Gregory K. Roberts, Petitioner, v. Department of the Army, Respondent, 168 F.3d 22 (Fed. Cir. 1999)Annotate this Case
Keith E. Kendall, Kendall Miller, P.C., of Harrisburg, Pennsylvania, for petitioner.
Alan J. Lo Re, Trial Attorney, for respondent. On the brief were Frank W. Hunger, Assistant Attorney General, David M. Cohen, Director, Bryant G. Snee, Assistant Director, and Virginia M. Lum, Attorney, Commercial Litigation Branch, Civil Division, U.S. Department of Justice.
Before RICH, BRYSON, and GAJARSA, Circuit Judges.DECISION
RICH, Circuit Judge.
Gregory K. Roberts appeals from the final decision of the Merit System Protection Board (M.S.P.B.), Docket No. PH0330970305-I-1, denying review of the initial decision of the board, which dismissed Roberts claim. Because the MSPB correctly held that it lacked jurisdiction to hear Roberts' claim, we affirm.
Roberts is a civilian employee of the Army who held the temporary position of Industrial Radiographer from 1993 to 1996. In 1996, the temporary position that Roberts held was approved for permanent fill. The permanent position was filled by an individual who was on the Department of Defense's Reemployment Priority List ("RPL") and Roberts was returned to the position that he held before he was promoted to the temporary position.
Roberts asserts that because the hired individual needed hundreds of hours of training to perform the job that Roberts was already doing, the individual was not qualified for the position and Roberts, not the individual from the RPL, should have been placed in the permanent position.
Roberts filed an appeal to the MSPB on the grounds that the hiring of the other individual violated RPL regulation 5 C.F.R. § 330.208(a) which requires the placement of only "qualified" individuals. The Administrative Judge dismissed Roberts appeal for lack of jurisdiction reasoning that Roberts was not an RPL Registrant or a Reduction in Force (RIF) casualty and thus did not have a remedy for any misapplication of the RPL regulations. The Administrative Judge's decision became the Board's final decision when the full Board denied Roberts' petition for review. This appeal followed.
5 C.F.R. § 330.209 (1998) states that an "individual who believes that his or her reemployment priority rights under this subpart [Reemployment Priority List (RPL) ] have been violated because of the employment of another person who otherwise could not have been appointed properly may appeal to the Merit Systems Protection Board under the provisions of the Board's regulations."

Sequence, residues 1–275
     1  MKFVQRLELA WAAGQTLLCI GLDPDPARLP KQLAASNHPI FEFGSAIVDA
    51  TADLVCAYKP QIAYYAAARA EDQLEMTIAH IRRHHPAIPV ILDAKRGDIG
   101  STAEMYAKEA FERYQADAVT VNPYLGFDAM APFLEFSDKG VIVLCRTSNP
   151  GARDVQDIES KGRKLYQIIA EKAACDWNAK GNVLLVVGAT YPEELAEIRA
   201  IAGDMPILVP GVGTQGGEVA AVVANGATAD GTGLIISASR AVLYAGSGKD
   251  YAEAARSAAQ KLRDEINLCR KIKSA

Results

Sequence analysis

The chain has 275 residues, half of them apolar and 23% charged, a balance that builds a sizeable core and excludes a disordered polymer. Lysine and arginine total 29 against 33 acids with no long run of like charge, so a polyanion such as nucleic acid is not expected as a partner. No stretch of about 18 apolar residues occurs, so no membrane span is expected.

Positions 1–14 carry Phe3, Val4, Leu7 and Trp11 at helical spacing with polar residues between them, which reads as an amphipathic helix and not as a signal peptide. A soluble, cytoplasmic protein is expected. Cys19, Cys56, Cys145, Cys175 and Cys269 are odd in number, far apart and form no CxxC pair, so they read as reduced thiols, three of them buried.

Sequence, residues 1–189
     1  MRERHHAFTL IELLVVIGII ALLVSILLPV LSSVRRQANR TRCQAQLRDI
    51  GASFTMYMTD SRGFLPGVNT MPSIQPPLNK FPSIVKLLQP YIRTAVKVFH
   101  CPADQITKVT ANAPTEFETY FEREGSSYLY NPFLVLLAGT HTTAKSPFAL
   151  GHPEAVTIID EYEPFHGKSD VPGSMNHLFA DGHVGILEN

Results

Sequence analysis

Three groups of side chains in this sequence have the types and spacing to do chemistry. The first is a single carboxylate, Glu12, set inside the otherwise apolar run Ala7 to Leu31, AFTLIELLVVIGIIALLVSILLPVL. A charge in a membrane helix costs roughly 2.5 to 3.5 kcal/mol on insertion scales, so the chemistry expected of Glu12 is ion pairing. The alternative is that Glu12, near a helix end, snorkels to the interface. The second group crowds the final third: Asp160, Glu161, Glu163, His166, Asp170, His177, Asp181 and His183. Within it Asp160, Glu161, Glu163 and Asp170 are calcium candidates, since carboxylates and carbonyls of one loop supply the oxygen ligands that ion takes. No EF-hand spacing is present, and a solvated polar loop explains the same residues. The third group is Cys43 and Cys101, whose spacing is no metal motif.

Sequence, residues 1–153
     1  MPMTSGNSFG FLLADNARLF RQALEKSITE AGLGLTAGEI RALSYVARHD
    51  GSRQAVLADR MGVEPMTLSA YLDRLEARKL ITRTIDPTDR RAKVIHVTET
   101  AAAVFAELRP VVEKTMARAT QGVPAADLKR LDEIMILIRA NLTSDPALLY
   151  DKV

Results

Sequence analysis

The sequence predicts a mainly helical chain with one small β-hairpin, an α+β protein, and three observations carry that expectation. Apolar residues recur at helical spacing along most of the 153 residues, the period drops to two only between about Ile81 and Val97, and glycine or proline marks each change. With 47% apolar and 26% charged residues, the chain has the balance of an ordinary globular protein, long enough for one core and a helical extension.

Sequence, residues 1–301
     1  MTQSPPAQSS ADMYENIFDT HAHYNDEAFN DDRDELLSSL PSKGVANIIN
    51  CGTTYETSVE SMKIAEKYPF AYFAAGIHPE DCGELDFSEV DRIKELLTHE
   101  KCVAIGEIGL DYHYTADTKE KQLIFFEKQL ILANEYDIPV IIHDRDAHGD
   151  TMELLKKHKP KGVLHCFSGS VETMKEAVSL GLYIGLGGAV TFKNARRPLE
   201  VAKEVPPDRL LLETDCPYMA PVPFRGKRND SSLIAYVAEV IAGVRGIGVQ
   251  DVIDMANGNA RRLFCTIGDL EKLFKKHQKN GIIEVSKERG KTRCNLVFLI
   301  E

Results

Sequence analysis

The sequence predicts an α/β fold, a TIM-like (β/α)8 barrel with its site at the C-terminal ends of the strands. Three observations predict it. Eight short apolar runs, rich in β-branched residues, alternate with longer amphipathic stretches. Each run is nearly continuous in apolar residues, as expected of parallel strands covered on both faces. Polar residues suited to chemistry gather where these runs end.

Roberts asserts that a federal employee who was negatively affected by the misapplication of the selection criteria set forth in the RPL regulations, such as himself, has reemployment priority rights and may appeal to the MSPB under 5 C.F.R. § 330.209.
We disagree. 5 C.F.R. § 330.209 by its own language only applies to reemployment rights under Subpart B "Reemployment Priority List (RPL)" See e.g., Colbert v. Department of the Army, 54 M.S.P.R. 492, 496 (1992). 5 C.F.R. § 330.201(a) (1998) defines the Reemployment Priority List as the mechanism agencies use to give reemployment consideration to their former competitive service employees separated by RIF or fully recovered from a compensable injury after more than one year. 5 C.F.R. § 330.202 (1998) provides that only two categories of individuals are eligible to be placed on the Reemployment Priority List. These individuals are those who have been subjected to a RIF (5 C.F.R. § 330.203 (1998)) or those who have fully recovered from a compensable injury after more than one year (5 C.F.R. § 330.204 (1998)). As Roberts has not been separated by RIF nor has he recovered from a compensable injury after more than one year, Roberts does not have reemployment priority rights as set forth in the applicable regulations.
Nevertheless, Roberts argues that he derives RPL rights from regulations 5 C.F.R. §§ 330.201-209, if the regulations are read broadly in order to give effect to their remedial intent. We disagree. None of the regulations cited by Roberts provide reemployment priority rights to an individual who is not eligible to be placed on the Reemployment Priority List. The regulations merely direct the agency how to administer the Reemployment Priority List. They do not confer reemployment rights on an individual who is injured by misapplication of those regulations.
It is well established that the Board's authority to accept an appeal is not plenary, but is limited to those matters over which it has been given jurisdiction by some statute or regulation. The Board has no right to adjudicate all actions which are alleged to be incorrect. Preece v. Department of the Army, 50 M.S.P.R. 222, 226 (1991). Even if the agency incorrectly appointed an unqualified individual in violation of the selection criteria set forth in the RPL regulations, such action does not confer reemployment priority rights on Roberts. Roberts' allegations of agency wrongdoing are insufficient to establish jurisdiction where the regulations upon which Roberts bases his claim simply do not apply to him.
The burden of showing jurisdiction is on petitioner. 5 C.F.R. § 1201.56(a) (2) (1998). As Roberts has failed to carry his burden to establish jurisdiction of the board, the MSPB was correct to dismiss his appeal. See e.g., Burgess v. Merit Sys. Protection Bd., 758 F.2d 641, 643 (Fed. Cir. 1985).